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Infrastructure Show: High Speed 2 must not succumb to threats, says shadow minister

High Speed Two (HS2) must not be derailed by localism, Conservative opposition or indecision about the route, shadow transport minister John Woodcock said yesterday at NCE’s Infrastructure Show.

The government must maintain a careful balance between local input and national strategy if HS2 is to gain planning permission, Woodcock said. On localism, he said the government “plays a dangerous game when it talks up the need for major infrastructure projects but then potentially weakens its ability to deliver them”. Costly delays caused by the planning process could threaten the economic case for building HS2, he said.

Woodcock also warned that opposition to HS2 from the Tory back bench could influence new transport secretary Justine Greening, who has previously been a vocal opponent of Heathrow expansion and some work sites for the Thames Tunnel mega-sewer, on behalf of her constituency. “It is really important that the new transport secretary holds firm,” Woodcock said.

Woodcock also said a lack of clarity about the HS2 route beyond Birmingham is “unhelpful” and undermines support for the project. The government should develop ” a single, coherent high speed line that goes straight to the North” to strengthen the business case for the project, he said.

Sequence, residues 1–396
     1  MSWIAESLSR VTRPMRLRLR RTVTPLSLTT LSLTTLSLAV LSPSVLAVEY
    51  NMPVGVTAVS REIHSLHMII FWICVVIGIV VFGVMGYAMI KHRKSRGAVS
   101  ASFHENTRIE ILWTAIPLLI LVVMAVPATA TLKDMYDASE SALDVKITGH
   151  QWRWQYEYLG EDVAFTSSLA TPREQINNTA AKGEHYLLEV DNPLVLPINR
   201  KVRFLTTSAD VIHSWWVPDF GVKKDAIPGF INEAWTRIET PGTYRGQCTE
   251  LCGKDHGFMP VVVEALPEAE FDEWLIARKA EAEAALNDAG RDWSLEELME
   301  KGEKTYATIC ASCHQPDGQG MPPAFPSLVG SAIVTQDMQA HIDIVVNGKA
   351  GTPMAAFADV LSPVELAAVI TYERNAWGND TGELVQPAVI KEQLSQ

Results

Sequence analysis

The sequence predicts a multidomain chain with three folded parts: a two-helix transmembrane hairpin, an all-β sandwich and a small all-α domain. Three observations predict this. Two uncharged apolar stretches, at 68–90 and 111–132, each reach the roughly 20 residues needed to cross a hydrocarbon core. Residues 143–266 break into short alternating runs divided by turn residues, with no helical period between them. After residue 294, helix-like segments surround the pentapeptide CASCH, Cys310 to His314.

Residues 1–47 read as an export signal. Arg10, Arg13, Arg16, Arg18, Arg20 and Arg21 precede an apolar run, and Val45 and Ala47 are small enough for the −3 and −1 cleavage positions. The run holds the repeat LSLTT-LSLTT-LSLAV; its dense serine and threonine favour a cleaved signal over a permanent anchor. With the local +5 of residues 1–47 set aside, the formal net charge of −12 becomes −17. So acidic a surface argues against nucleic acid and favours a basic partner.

Roads challenge

Woodcock also spoke at the Infrastructure Show on road maintenance issues.

He said he had seen examples of “better procurement” of road works by local government that he would like to see replicated on a larger scale.

Woodcock said this could include economies of scale from councils working together, as well as increased use of private sector expertise and private funding for road maintenance.

Readers' comments (1)

  • I agree that HS2 should not succumb to threats - it should succumb to the lack of a viable business case, to the fact that there are many requirements of greater priority in a debt ridden nation and to the fact that it will most probably cost around three times the current estimate (based on experience eg HS1, Channel tunnel, Thames barrier etc). I remain convinced thgat the whole issue is part of a strategy to get us embroiled in fantasy and take attention away from the mess that politicians continually create. To get back "on track" the message has to be STOP THE WASTE. Please give us leaders before it is too late.
    Jim Barrack

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